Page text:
Shipper demand for 40ft high-cube containers is still increasing, creating stowage problems for ocean carriers and analytical difficulties for trade forecasters using teu measurements.
The proportion of 40ft high-cube (9ft 6in high) containers in the global maritime container fleet is predicted to exceed 50% by the end of this year for the first time. According to Drewry’s 2013 Container Census, the equipment’s market share reached 49% in 2012, and is expected to grow by at least another 1% this year.
The number of high cube containers in the fleet grew by another 8% growth last year, up to 15.4 million teu, taking the rise in demand between 2007 and 2012 up to a remarkable 49% (see Figure 1). It meant that 40ft HC’s share of the total maritime equipment market increased from 41% up to 49%, or just over 1% per annum, almost entirely at the expense of normal 40ft 8ft 6in high boxes. On the other hand, the proportion of 20ft containers remained constant at around 33%.
Figure 1 Global Maritime Container Fleet (teu)
Source: Drewry Container Census 2013
The popularity of 40ft HCs is easy to understand. Being around 13% larger than ordinary 40ft boxes, shippers can load that amount of extra cargo at little to no extra freight cost. Moreover, inland transport is usually charged on a per container basis for light cargo, so there are no extra haulage costs too.
Although much growth in demand for 40ft high-cube containers has come from reefer shippers, with almost 92% of all refrigerated cargo being shipped in the equipment last year, it only took the sector’s volume up to 2 million teu. Dry cargo still accounted for the vast majority, as shown in Figure 2.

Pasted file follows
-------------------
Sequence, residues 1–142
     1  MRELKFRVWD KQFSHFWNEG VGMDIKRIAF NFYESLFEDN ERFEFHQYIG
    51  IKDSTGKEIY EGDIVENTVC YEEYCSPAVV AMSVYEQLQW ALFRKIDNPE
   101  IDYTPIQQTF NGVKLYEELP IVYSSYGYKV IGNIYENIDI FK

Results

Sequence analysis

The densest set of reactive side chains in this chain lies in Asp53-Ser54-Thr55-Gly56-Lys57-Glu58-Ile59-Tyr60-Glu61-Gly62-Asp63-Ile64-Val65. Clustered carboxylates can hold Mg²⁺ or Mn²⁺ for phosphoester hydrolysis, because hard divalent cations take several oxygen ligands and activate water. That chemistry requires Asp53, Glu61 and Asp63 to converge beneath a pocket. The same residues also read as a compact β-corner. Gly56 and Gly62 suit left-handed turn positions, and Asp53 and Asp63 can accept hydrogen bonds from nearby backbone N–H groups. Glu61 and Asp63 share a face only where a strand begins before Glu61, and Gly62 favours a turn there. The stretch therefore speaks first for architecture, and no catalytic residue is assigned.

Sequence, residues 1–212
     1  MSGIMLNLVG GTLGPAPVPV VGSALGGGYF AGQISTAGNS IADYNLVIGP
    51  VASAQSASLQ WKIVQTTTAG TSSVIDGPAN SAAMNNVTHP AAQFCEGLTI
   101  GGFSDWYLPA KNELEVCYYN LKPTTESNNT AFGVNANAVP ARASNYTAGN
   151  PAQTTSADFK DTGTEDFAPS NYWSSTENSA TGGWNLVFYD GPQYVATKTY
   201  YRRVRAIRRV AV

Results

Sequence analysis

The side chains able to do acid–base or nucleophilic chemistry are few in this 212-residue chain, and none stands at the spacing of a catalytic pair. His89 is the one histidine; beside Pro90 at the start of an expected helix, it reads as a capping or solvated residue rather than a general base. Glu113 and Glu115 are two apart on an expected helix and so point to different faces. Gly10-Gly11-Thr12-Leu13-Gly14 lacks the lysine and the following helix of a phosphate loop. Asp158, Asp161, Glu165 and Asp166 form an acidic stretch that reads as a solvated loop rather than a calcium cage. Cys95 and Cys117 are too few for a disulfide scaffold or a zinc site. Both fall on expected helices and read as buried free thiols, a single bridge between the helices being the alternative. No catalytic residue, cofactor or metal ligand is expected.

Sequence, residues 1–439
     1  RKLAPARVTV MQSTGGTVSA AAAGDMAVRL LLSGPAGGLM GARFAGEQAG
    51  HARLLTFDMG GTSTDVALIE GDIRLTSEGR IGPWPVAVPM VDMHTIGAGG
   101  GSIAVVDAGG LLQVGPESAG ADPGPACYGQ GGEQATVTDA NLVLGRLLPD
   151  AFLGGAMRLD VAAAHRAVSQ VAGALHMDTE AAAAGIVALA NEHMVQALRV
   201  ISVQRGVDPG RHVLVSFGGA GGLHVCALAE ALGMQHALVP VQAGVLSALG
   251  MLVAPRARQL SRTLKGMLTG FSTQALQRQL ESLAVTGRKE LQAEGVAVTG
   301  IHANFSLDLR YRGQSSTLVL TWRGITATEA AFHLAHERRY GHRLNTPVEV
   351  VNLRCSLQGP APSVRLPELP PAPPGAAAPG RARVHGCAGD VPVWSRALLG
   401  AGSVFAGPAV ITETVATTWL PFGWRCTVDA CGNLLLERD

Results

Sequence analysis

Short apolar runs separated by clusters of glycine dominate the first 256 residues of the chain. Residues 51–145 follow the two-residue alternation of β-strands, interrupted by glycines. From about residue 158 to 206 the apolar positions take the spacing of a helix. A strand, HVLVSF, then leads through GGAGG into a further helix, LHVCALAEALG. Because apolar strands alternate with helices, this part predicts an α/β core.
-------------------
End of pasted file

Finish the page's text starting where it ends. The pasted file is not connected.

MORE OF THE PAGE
Figure 2 Growth of 40ft HC Containers, 2009-2012 (teu)
Source: Drewry’s 2013 Container Census
There are two interesting messages that come of this. The first is that the need to stow 9ft 6in containers below deck, which results in loss of cargo space for shipping lines, is reaching a critical junction. Whereas nearly all the equipment has been stowed on deck so far, particularly reefers, this cannot continue much longer, bearing in mind that just over 50% of a ship’s cellular capacity is located on deck. When under-deck stowage is required, as much as 7ft (2.1m) can be lost between the top of the last tier of a stack and the main deck, as ship holds are usually designed for 8ft 6in boxes. Line of sight (from the navigating bridge) rules will also prevent more containers from being loaded on deck.
The problem explains why Maersk, a strong supporter of 9ft 6in equipment, has recently been raising the bridge heights of its S class vessels, reportedly increasing capacity from 8,400 teu to 9,500 teu.
The second message is that containerised cargo growth measured in teu has increasingly been underestimated over time. This is because a 40ft HC container usually only counts as two teu, the same as 2 x 20ft (8ft 6in) boxes, or 1 x 40ft (8ft 6in) container, even though it is approximately 13% bigger.
So, in a major tradelane like the eastbound transpacific, where 40ft equipment is the norm due to light average cargo weights, although year-on-year growth in the first seven months of 2013 was only 1.856% measured in teu, it was over 2.2% measured in ‘constant’ teu. The difference may not seem much, but it makes a big difference to economists trying to make sense of the changes between GDP growth and cargo growth. It is also cumulative, so gets bigger over longer periods of time.
In conclusion, measuring trade growth purely in teu terms should only be seen as an approximation. A more exact method is to examine cargo measured in tons or cubic meters, although cargo mix can be a problem here, and customs data measured in both units rarely separates containerised traffic from break-bulk and bulk cargo.
The share of 40ft 8ft 6in high containers in the global maritime fleet will continue to decline over the next 10 years, thereby increasing the need for more high-cube friendly vessels. This could include the construction of wider – and hence slower – ships with greater deck capacity.